It is understood that this renewed recruitment process will be initiated from January, 2022. At the same time, measures will also be undertaken through discussion pertaining to the Bangladeshi migrant workers who are presently held back from any employment over there because they have entered the country without Malaysian legal requirements. It is being hoped that a certain percentage among them will be accorded some legal status.

The other important development that has focused on improvement of working conditions for expatriate workers relates to Maldives. Prime Minister Sheikh Hasina’s official visit to that country on the invitation of that country’s President and Prime Minister lasted for a few days from 22 December to 27 December, 2021. In addition to fostering the existing close cooperation between the two countries, during her visit, focus was also given on how bilateral economic relations can be improved. For quite some time Bangladeshi expatriate workers in that country have helped to improve their socio-economic living conditions but have been facing several difficulties with their working conditions and different facets of their employment matrix.

During her visit, Prime Minister Hasina not only had meetings with the Maldivian senior leadership, discussed ways and means as to how to improve maritime security and connectivity. She also gifted the country 13 military vehicles. In addition, talks were also held with the Bangladeshi expatriate community.

The expatriate Bangladeshi population was reminded to go abroad for jobs through the legal channel instead of attempting to do so through brokers. She pointed out that this might end up in their not getting promised jobs and that too at lower salaries. This was an important step and it showed that Bangladesh wanted to help Maldives but at the same time did not want its citizens to suffer while they would be working in that country.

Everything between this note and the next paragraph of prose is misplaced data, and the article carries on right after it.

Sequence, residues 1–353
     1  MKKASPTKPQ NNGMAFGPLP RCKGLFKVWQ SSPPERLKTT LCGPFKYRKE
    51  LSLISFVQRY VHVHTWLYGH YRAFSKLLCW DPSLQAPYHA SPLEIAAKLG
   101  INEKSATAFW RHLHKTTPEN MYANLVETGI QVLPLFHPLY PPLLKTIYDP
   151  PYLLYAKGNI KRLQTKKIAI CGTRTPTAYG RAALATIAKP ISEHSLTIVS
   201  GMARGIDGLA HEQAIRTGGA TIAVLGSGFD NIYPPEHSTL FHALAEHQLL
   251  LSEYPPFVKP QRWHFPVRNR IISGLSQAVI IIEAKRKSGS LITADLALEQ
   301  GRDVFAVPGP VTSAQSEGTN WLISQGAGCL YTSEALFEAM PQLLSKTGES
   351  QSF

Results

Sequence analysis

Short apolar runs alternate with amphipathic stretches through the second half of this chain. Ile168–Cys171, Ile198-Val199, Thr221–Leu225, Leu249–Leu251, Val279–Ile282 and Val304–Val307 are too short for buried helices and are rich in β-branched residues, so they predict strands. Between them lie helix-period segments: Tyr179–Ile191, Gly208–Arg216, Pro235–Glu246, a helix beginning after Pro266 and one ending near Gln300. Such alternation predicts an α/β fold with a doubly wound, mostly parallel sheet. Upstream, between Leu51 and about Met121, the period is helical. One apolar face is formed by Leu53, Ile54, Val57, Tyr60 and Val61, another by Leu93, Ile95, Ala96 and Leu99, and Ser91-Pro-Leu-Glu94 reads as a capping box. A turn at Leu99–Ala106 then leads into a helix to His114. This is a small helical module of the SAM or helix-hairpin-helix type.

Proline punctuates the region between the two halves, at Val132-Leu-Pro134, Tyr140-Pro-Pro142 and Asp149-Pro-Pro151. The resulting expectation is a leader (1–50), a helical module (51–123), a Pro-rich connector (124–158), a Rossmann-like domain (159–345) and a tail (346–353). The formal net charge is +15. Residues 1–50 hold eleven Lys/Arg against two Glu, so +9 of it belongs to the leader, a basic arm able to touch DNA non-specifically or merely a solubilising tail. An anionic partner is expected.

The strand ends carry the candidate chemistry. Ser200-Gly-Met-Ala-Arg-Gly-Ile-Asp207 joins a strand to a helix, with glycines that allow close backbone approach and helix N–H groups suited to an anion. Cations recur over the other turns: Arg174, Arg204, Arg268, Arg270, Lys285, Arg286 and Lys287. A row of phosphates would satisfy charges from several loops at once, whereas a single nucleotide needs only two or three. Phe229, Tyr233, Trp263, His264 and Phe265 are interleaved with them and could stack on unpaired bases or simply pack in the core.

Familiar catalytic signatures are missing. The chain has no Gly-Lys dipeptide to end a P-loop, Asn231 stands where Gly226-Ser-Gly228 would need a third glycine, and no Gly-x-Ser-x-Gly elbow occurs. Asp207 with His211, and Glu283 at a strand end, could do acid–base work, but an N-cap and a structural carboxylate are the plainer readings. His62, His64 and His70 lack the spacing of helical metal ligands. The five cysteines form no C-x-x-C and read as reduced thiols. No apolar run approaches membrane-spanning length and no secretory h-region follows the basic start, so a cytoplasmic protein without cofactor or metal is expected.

During her visit she presided over the signing of two MOUs- on Recruitment of Qualified Health Professionals and also Cooperation in the Areas of Youth and Sports Development. There was also an Agreement on the Elimination of Double Taxation with respect to the Taxes on Income and the Prevention of Tax Evasion and Avoidance. Hopefully, the condition for Bangladeshi expatriate workers in that country will improve. The relevant authorities in Bangladesh within the banking sector have also been urged to create the necessary conditions to assist the workers in remitting their savings to their families in Bangladesh.    

One needs to conclude by reiterating that our economic diplomacy efforts pertaining to additional jobs for our workers abroad will be enhanced if we can create skill development. This aspect has become vital for a digitalized world which has no frontiers. One believes that if we can create greater development within this area, Bangladeshi citizens will be sought after by the developed countries in Europe, the UK and North America and many other countries in Asia.

Muhammad Zamir, a former Ambassador, is an analyst specialized in foreign affairs, right to information and good governance